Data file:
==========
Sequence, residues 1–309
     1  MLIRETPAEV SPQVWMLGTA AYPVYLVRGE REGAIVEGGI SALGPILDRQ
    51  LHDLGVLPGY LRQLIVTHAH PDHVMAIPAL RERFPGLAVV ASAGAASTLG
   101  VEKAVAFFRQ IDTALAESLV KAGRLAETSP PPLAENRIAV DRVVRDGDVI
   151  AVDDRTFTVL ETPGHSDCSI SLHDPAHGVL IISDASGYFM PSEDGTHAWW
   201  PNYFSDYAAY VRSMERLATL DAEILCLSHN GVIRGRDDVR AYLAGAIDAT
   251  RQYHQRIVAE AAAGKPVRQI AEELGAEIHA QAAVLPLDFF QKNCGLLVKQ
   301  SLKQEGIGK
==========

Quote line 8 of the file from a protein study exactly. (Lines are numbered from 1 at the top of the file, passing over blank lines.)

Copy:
   301  SLKQEGIGK